VATICAN CITY — Pope Francis on Saturday tapped a veteran Vatican diplomat to be his top aide, replacing the secretary of state who in recent years became an increasingly divisive figure in a church hierarchy mired in embarrassing scandal and financial probes.
The Vatican announced that Archbishop Pietro Parolin, 58, an Italian and former deputy foreign minister at the Vatican, on Oct. 15 will take on the position held since 2006 by Italian Cardinal Tarcisio Bertone. The cardinal will remain in the post until then, giving Parolin, currently serving as papal envoy to Venezuela, time to prepare for his new duties as the Vatican’s No. 2 official.
The Vatican noted that Bertone, 78, was retiring under a church law that requires cardinals who hold top curia posts to offer their resignations when they turn 75. Benedict XVI, who retired as pontiff this year, had kept him on, reportedly to the irritation of a rival faction of Vatican bureaucrats loyal to Bertone’s predecessor, Cardinal Angelo Sodano.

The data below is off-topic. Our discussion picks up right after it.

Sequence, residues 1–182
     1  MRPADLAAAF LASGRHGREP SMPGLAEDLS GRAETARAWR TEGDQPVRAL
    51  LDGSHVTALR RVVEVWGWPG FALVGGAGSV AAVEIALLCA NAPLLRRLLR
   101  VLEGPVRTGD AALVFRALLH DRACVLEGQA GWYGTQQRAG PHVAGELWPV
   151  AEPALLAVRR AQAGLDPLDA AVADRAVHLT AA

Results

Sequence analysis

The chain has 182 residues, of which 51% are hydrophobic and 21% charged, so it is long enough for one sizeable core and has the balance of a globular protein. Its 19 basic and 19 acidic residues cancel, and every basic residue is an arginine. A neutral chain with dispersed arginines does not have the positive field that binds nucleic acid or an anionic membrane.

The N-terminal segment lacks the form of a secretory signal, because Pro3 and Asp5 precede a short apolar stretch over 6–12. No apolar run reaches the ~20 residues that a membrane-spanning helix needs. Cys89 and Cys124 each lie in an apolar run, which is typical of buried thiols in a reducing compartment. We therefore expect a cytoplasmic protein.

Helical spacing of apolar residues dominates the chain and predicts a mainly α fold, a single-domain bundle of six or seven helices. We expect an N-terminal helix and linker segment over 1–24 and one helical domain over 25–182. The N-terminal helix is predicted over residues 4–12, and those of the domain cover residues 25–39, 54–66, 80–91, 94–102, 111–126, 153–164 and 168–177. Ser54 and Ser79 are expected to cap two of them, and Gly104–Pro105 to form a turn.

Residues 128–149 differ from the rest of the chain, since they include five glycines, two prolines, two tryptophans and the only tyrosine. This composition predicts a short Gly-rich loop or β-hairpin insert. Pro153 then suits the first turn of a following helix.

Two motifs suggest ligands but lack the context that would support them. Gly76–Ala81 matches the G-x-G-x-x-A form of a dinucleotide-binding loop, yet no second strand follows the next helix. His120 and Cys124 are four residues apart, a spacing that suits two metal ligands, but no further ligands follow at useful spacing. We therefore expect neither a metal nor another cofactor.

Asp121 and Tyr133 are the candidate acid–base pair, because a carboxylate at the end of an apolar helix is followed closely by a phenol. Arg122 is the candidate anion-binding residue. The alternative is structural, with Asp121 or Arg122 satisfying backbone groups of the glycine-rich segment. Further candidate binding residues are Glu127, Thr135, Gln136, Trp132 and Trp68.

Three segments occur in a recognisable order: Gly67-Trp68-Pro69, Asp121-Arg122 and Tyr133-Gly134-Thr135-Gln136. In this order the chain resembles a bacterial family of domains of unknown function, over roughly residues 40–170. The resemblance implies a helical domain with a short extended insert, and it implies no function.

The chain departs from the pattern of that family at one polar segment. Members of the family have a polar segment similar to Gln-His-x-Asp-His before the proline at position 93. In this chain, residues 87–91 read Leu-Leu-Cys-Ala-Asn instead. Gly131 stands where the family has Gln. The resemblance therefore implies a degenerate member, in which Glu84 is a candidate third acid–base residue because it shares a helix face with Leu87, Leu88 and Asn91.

A scandal during the latter years of Benedict’s papacy, involving the theft of papal documents and revelations of alleged corruption and power plays at the Vatican, was widely seen as aiming to discredit Bertone.
Pope Francis will hold a special audience on Oct. 15, the Vatican said, “in order publicly to thank Cardinal Bertone for his faithful and generous service to the Holy See.”
The incoming No. 2, a native of northeast Italy, began his diplomatic career at the Vatican in 1986, and served in papal missions in Nigeria and Mexico. He was posted to Venezuela as papal nuncio in 2009.
In a statement, Parolin pledged that he would give Francis his “complete availability to work with him and under his guidance for the greater glory of God, the good of the holy Church and the progress and peace” so humanity might find “reasons to live and to hope.”
It was during Bertone’s tenure that the curia was rocked by financial probes, including investigations by Italian prosecutors into whether the Vatican bank was being used for money laundering.
A Vatican spokesman, the Rev. Federico Lombardi, said Bertone would continue to keep some responsibilities, including heading a commission of cardinals monitoring Vatican bank operations.
Francis also confirmed Saturday that other prominent officials will remain in their current posts, including Archbishop Georg Gänswein, Benedict’s longtime secretary and confidant.